Neuharth, who also started the Freedom Forum, had provided his own description of his career in a final column, "Plain Talk," he wanted published in USA Today after his death, the national newspaper said.
"As a journalist, I had a wonderful window on the world," Neuharth wrote in "Plain Talk," he wrote. "For nearly 50 years as a reporter and editor, I tried to tell stories accurately and fairly, without opinion."
Gracia Matore, chief executive officer of Gannett, which Neuharth had led, called his death "a great loss for all of us in the Gannett family."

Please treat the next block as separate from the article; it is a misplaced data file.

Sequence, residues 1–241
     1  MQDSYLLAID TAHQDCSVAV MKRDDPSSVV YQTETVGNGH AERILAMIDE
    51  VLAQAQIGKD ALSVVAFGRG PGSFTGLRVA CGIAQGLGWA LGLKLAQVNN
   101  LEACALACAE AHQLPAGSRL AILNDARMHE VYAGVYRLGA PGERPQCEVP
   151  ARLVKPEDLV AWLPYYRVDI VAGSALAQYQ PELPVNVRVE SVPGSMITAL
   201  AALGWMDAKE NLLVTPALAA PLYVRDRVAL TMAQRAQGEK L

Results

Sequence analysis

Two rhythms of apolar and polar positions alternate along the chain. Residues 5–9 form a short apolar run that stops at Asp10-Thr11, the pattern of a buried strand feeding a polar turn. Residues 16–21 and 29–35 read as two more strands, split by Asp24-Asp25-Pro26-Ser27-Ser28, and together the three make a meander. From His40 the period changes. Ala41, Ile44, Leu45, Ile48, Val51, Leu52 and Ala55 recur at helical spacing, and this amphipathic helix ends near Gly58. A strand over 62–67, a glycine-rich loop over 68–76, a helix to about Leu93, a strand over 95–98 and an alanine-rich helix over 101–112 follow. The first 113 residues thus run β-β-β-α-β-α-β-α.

"Al was many things -- a journalist, a leader, a serial entrepreneur, and a pioneer in advancing opportunities for women and minorities," Matore said. "But above all, he was an innovator with a unique sense of the public taste. ... I will miss his counsel, and I will miss the man. But as with all great people, what Al built will live on."
The South Dakota native's brainchild, USA Today, was not greeted kindly by many in the news business and elsewhere when he started publishing it in 1982 -- McPaper, they called it, a jab at its short articles and splashy graphics and use of color that they likened to unhealthy fast-food.
But it became profitable within five years and holds sway today as the second-largest newspaper in the nation.
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